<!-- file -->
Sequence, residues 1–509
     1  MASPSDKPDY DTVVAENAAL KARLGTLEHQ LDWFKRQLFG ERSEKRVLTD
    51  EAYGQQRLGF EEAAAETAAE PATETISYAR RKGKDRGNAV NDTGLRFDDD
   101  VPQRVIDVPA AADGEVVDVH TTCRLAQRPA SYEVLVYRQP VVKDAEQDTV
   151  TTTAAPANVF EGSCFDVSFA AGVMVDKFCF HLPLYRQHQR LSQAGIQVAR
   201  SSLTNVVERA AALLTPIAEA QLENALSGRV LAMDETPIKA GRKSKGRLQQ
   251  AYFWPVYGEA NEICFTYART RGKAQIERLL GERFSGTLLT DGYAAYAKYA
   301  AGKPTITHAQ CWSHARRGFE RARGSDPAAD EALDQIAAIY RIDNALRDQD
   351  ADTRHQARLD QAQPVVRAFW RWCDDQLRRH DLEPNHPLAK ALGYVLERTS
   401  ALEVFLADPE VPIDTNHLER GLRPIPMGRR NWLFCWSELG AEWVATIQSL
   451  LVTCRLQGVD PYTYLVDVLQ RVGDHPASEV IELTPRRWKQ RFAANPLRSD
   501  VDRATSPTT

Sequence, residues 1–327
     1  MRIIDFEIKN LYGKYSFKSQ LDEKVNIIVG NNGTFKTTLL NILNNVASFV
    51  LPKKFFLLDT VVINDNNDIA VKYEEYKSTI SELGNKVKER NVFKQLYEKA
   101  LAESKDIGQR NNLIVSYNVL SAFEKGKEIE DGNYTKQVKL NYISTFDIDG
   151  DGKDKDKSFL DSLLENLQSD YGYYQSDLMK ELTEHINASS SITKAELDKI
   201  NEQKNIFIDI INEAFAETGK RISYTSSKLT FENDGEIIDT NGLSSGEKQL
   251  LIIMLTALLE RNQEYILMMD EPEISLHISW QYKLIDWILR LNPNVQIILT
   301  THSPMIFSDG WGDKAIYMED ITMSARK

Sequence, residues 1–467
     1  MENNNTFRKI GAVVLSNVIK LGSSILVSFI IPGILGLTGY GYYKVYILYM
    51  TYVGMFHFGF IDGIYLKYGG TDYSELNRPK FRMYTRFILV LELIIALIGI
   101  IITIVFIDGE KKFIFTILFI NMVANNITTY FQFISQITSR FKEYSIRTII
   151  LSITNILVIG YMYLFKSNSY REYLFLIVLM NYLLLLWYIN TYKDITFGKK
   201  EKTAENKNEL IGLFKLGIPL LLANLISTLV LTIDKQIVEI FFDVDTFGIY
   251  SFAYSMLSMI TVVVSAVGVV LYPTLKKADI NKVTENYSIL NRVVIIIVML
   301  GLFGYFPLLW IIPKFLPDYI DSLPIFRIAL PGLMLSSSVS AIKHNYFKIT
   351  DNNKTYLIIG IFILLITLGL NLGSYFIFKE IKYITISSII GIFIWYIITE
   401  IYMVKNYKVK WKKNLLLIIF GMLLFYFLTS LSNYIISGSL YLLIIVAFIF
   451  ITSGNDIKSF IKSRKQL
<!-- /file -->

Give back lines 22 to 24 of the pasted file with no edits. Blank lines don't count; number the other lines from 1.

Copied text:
     1  MENNNTFRKI GAVVLSNVIK LGSSILVSFI IPGILGLTGY GYYKVYILYM
    51  TYVGMFHFGF IDGIYLKYGG TDYSELNRPK FRMYTRFILV LELIIALIGI
   101  IITIVFIDGE KKFIFTILFI NMVANNITTY FQFISQITSR FKEYSIRTII